Most fish released near the temperature control tower passed through the RO. A total of 92.2 percent of the treatment group passed through the RO during the November study and the RO was the only route open during the December study.

The assumptions of the survival model were either met or adjusted for during each study. There was little evidence that tagger skill or premature failure of radio transmitters had an effect on survival estimates. There were statistically significant differences in travel times between treatment and control groups through several of the river reaches they had in common, but the differences were typically only a few hours, and the two groups likely experienced the same in-river conditions. There was direct evidence of bias due to detection of euthanized fish with live transmitters released as part of the study design. The bias was ameliorated by adjusting the survival estimates for the probability of detecting dead fish with live transmitters, which reduced the estimated survival probabilities by about 0.02.

The data and models indicated that the treatment effect was not fully expressed until the study reach terminating with Marshall Island Park on the Willamette River, a distance of 105.8 kilometers downstream of Cougar Dam. This was the first reach in which the 95-percent confidence interval of the estimated reach-specific relative survival overlapped 1.0, indicating similar survival of treatment and control groups. The median travel time of the treatment group from release to Marshall Island Park was 1.64 days during the November study and 1.36 days during the December study.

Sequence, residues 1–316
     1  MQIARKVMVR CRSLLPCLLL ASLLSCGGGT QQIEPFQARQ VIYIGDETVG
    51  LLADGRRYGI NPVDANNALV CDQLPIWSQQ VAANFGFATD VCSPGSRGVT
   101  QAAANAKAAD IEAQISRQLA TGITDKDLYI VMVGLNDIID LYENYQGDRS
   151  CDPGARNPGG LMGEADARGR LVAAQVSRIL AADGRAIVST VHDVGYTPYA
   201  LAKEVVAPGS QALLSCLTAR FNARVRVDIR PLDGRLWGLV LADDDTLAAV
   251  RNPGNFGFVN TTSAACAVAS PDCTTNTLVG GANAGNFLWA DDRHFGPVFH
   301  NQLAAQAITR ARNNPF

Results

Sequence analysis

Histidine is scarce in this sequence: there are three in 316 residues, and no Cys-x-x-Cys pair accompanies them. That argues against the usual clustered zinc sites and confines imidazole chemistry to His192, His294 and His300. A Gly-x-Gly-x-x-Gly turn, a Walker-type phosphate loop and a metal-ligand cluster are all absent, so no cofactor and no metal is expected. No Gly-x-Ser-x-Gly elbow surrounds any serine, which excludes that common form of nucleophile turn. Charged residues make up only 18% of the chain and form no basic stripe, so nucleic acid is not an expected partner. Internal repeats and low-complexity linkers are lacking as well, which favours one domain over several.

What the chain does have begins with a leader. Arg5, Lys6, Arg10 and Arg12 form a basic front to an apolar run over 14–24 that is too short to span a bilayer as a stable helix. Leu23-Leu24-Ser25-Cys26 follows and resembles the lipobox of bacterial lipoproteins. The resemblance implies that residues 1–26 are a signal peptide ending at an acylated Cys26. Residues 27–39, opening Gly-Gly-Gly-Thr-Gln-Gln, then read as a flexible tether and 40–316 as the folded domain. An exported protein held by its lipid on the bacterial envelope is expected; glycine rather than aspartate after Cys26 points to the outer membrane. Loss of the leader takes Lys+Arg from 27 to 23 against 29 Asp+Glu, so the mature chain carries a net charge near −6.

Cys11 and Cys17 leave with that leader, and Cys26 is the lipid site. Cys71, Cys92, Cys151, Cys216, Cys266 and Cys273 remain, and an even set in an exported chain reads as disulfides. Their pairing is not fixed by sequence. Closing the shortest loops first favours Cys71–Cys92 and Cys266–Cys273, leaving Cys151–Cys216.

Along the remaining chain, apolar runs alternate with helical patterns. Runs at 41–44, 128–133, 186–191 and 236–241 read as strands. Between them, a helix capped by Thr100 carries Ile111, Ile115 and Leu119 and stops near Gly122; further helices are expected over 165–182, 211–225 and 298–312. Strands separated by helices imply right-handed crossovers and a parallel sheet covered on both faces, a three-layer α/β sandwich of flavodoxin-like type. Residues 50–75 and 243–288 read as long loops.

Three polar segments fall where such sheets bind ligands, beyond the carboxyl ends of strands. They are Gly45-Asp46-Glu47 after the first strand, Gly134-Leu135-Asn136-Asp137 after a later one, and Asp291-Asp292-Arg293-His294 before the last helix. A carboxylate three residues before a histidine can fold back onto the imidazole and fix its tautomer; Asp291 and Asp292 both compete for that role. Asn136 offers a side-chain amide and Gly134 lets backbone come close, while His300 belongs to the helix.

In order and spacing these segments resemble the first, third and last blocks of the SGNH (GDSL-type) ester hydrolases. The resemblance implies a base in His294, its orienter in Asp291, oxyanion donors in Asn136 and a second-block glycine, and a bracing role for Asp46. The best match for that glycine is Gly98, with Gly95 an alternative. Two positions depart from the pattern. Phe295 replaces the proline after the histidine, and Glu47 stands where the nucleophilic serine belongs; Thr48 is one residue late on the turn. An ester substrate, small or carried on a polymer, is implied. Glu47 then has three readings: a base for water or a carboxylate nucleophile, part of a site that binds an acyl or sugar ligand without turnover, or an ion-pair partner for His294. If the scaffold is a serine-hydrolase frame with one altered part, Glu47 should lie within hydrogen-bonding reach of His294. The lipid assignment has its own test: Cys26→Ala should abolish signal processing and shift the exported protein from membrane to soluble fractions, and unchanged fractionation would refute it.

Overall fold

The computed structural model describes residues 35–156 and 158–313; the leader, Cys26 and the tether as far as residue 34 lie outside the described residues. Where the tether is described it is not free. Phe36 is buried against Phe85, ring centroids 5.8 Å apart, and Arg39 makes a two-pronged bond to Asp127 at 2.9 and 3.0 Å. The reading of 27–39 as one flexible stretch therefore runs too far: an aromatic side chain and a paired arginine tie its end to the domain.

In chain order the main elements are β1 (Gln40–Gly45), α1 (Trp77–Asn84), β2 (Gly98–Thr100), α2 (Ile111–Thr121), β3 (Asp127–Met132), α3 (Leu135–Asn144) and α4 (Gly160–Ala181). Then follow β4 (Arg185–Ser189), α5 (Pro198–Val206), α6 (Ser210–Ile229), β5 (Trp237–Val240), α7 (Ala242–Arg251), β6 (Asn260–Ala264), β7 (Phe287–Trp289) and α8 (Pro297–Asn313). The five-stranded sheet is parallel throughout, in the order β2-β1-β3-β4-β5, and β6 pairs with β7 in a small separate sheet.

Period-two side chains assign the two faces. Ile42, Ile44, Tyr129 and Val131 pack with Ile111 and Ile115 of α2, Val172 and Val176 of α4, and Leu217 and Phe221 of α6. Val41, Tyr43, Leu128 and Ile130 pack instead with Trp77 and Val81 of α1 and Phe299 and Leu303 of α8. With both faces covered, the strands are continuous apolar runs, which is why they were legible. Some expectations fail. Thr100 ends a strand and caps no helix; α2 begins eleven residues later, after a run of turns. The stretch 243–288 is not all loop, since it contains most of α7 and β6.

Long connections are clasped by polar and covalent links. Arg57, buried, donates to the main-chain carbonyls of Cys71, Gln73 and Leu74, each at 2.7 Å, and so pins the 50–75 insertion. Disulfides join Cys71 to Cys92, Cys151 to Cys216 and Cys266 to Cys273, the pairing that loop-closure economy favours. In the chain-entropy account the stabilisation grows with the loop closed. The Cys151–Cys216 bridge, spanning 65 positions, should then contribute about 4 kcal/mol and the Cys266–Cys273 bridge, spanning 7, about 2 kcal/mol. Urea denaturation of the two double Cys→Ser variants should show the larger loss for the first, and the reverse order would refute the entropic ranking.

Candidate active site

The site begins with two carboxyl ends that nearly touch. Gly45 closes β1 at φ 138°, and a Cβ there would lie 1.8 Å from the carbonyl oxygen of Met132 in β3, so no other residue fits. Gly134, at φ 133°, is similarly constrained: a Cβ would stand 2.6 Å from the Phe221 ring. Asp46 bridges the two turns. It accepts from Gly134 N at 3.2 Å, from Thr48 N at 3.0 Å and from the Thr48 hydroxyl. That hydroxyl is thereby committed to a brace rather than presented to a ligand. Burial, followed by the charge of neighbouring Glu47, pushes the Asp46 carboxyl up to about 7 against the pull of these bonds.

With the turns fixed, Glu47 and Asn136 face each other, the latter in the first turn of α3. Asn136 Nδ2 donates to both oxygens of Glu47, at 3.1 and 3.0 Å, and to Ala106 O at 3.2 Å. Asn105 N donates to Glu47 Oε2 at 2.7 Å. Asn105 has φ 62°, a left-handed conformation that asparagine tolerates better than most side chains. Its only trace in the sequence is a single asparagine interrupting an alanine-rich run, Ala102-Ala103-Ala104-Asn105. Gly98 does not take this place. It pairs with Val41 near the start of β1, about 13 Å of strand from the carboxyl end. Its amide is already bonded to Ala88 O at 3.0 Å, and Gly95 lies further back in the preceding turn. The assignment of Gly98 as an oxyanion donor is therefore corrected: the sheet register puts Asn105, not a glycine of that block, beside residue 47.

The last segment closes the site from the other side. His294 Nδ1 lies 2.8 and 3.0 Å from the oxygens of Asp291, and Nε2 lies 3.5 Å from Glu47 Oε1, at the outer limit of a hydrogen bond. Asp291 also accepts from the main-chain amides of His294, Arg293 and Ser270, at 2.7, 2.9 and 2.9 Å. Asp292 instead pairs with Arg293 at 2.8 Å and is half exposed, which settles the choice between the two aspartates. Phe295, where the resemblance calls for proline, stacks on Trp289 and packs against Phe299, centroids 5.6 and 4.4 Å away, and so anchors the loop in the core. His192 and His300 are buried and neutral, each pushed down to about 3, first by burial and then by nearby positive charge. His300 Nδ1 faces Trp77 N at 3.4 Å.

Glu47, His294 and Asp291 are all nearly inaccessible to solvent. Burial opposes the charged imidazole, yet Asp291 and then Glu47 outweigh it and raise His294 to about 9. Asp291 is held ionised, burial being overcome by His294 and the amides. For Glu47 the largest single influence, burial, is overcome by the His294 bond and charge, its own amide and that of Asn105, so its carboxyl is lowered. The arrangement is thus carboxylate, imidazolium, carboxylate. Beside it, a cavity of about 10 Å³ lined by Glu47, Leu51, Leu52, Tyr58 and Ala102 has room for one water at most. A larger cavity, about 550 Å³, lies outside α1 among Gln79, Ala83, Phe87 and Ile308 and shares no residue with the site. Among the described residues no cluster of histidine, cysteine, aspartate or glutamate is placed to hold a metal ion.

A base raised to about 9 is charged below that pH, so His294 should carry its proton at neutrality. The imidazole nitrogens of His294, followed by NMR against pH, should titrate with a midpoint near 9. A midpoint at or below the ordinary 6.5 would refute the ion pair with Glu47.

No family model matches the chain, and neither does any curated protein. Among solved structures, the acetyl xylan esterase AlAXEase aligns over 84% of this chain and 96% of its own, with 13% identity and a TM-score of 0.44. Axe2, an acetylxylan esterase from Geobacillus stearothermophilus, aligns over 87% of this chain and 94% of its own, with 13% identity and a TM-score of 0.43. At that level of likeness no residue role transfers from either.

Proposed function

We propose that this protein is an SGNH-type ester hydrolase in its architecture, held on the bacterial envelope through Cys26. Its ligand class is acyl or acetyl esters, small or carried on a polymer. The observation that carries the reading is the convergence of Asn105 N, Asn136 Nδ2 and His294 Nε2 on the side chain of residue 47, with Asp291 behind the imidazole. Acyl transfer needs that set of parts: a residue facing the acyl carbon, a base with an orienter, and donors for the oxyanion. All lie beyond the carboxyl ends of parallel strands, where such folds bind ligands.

The survival probability of fish that passed into the RO was greater during the December study than during the November study. The relative survival probability of fish passing through the RO was 0.4594 (standard error [SE] 0.0543) during the November study and 0.7389 (SE 0.1160) during the December study. These estimates represent relative survival probabilities from release near Cougar Dam to the Marshall Island site.

The estimated survival probability of RO passage was lower than previous studies based on balloon and PIT tags, but higher than a similar study based on radio transmitters. We suggest that, apart from dam operations, the differences in survival primarily are due to the release location. We hypothesize that the balloon- and PIT-tagged fish released through a hose at a point near the RO gate opening experienced more benign conditions than the radio-tagged fish passing the RO volitionally. This hypothesis could be tested with further study. An alternative hypothesis is that some live fish remained within the study area beyond the life of their radio transmitter.

The results from these and previous studies indicate that entrainment and survival of juvenile salmonids passing Cougar Dam varies with dam operating conditions. The condition most conducive to dam passage has been the discharge and low pool elevation condition tested during December 2012. That condition included large RO gate openings and was the condition with the highest dam passage survival.

First posted March 3, 2014

For additional information, contact:
Director, Western Fisheries Research Center
U.S. Geological Survey
6505 NE 65th Street
Seattle, Washington 98115
http://wfrc.usgs.gov/

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Suggested citation:

Beeman, J.W., Evans, S.D., Haner, P.V., Hansel, H.C., Hansen, A.C., Smith, C.D., and Sprando, J.M., 2014, Passage and survival probabilities of juvenile Chinook salmon at Cougar Dam, Oregon, 2012: U.S. Geological Survey Open-File Report 2014-1038, 64 p., https://dx.doi.org/10.3133/ofr20141038/.

ISSN 2331-1258 (online)



Contents

Abstract

Introduction

Methods

Dam Operations and Environmental Conditions

Fish Capture, Handling, Tagging, and Release

Radio Transmitters

Radio-Telemetry Detection Systems

Passive Integrated Transponder-Tag Detection System at Leaburg Dam

Data Management and Analysis

Results

Fish Capture, Handling, Tagging, and Release

Environmental Conditions

Timing of Dam Passage

Travel Times

Estimates of Passage, Detection, and Survival Probabilities

Discussion

Acknowledgments

References Cited

Appendixes